GEORGIA | Tusheti National Reserve

Tusheti, located northeast of the country, in the Greater Caucasus, is one of the most beautiful areas of Georgia.

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The Tusheti National Reserve is a model of administrative integration because it performs three functions: the conservation of 28,000 hectares of forest where animals as threatened as the Caucasian Snowcock live; the protection of over 50 nomadic peoples, along with their historically valuable monuments; and the promotion of ecotourism. Tusheti, one of the most beautiful areas of Georgia, is in the north-eastern part of the country, and a visit to any of the seven main villages, such as Shenako, makes for an unusual experience. These people, who speak their own dialect, enjoy a joyful isolation and live in rudimentary houses that preserve the traditional charm of the past. They are always welcoming and they open their doors to visitors to share their everyday household tasks, such as preparing the delicious dumpling known as “khinkali”, a ball of dough that is filled with spiced minced meat and lightly twisted before boiling. 

Life in the city is completely different to surviving 2,000 metres above sea level. Shenako, in which only two families live throughout the year, has very harsh winters that make shepherding almost impossible. In the face of such adversity, most Tushetian nomads move to the warm flatlands of Kakheti, and their simple huts reflect their ability to adapt.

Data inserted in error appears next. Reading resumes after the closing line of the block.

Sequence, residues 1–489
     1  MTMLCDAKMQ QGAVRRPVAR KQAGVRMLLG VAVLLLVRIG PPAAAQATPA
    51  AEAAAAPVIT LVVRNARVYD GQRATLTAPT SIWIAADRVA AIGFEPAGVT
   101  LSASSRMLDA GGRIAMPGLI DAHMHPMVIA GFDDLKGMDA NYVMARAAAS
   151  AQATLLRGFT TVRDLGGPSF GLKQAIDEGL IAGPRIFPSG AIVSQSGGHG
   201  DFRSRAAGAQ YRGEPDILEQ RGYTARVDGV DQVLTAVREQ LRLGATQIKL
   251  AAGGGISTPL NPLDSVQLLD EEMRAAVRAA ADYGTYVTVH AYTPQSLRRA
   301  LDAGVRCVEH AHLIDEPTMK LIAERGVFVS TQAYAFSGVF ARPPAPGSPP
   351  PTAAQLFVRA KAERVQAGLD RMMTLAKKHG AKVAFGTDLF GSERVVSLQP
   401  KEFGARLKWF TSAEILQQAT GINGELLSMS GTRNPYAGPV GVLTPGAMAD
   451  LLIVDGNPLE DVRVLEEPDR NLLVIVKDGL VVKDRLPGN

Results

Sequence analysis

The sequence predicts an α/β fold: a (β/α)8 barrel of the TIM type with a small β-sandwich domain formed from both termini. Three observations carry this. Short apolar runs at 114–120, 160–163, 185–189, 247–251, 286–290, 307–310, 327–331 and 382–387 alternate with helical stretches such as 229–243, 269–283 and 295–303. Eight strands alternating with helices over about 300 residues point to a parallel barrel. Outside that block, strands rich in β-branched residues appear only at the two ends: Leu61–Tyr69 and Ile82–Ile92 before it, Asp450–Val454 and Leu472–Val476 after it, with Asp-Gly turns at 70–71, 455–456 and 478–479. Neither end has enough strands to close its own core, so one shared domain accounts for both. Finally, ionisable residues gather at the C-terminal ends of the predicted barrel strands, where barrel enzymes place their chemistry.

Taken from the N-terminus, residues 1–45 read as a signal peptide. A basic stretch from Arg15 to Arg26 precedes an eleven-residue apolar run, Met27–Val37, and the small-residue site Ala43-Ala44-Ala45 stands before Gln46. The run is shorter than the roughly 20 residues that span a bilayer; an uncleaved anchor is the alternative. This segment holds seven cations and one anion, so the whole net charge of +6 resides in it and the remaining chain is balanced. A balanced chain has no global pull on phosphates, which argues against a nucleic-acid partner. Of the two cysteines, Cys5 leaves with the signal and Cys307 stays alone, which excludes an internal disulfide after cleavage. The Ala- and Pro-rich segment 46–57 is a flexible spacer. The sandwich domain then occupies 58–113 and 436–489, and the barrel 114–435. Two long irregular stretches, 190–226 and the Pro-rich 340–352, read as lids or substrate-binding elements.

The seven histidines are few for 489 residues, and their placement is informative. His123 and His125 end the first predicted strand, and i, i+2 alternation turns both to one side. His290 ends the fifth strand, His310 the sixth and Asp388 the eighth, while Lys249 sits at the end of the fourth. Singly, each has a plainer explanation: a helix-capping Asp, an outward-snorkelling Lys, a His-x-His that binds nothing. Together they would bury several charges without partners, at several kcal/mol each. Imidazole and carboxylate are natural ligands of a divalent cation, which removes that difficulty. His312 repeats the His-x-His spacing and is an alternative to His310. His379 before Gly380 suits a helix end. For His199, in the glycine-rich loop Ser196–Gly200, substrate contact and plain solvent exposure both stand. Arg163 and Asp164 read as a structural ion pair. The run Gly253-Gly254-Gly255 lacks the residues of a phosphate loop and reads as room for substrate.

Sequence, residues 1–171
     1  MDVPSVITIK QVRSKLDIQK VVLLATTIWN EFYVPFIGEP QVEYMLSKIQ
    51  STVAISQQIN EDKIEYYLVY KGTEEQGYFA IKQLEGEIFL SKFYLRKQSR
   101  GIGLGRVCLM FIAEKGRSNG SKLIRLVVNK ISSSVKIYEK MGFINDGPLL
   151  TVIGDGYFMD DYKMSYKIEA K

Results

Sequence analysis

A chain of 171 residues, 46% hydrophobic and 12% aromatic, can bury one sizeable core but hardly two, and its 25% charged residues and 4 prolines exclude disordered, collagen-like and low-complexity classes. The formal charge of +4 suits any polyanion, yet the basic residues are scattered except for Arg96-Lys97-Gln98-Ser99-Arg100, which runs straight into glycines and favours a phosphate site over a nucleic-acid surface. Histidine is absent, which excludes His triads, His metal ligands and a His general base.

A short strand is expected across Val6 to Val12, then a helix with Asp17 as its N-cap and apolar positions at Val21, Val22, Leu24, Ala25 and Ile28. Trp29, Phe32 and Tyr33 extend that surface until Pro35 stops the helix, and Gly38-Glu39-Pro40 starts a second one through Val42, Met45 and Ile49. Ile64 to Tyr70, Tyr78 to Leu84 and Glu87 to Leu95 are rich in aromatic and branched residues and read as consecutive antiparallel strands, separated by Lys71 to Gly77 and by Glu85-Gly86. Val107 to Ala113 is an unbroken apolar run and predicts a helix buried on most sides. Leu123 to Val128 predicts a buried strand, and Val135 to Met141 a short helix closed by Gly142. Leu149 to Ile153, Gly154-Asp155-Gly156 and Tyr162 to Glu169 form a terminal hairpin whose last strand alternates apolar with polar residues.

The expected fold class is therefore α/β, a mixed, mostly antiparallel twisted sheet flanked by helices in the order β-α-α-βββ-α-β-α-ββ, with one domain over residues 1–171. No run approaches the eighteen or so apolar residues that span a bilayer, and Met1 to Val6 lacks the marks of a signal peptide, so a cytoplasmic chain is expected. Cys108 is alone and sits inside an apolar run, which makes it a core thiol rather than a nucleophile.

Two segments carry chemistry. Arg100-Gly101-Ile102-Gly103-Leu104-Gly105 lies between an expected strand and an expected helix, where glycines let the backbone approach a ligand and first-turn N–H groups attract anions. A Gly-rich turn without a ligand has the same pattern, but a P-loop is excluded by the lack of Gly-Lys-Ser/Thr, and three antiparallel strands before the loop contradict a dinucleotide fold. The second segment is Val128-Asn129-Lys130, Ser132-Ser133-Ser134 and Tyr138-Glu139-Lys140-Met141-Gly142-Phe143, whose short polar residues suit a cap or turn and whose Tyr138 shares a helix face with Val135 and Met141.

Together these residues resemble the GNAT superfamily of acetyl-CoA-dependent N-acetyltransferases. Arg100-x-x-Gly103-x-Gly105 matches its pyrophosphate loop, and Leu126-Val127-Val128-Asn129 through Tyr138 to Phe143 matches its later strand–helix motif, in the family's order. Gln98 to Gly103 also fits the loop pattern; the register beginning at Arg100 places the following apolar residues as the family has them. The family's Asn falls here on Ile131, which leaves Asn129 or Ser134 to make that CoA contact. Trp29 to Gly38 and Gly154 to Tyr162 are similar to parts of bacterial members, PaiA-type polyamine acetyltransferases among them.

Vashlovani National Park, in the south-eastern part of the country, has a semi-desert ecosystem and is an excellent example of the varied bio-diversity to be found in Georgia.
This Nature Reserve was created by two Georgian scientists in 1935 and has recently been developed to make it suitable for ecotourism. In the park there are some 60 species of birds, 45 species of mammals and with luck, you can see an exceptionally rare male leopard of a species that was thought to be extinct.

One of the 13 Assyrian Holy Fathers who arrived in Georgia in order to strengthen Christianity, David Gareja, is buried here, and on his tomb there is a stone that symbolizes the one that the distinguished Patriarch brought in his journey from the Holy Land. This is why it is said that a third of Jerusalem’s holiness can be found in this group of 19 monasteries carved out of the rock, named after their founder, David Gareja, and that are still inhabited by monks today.
This city, founded by David Gareja in the VI century A.D. has always been a centre of constant pilgrimage. Notwithstanding Mongol aggression and bloody Turkish attacks, religious activity was only interrupted during the Soviet era, when the neighbouring lands were used as a military base during the Afghan war.

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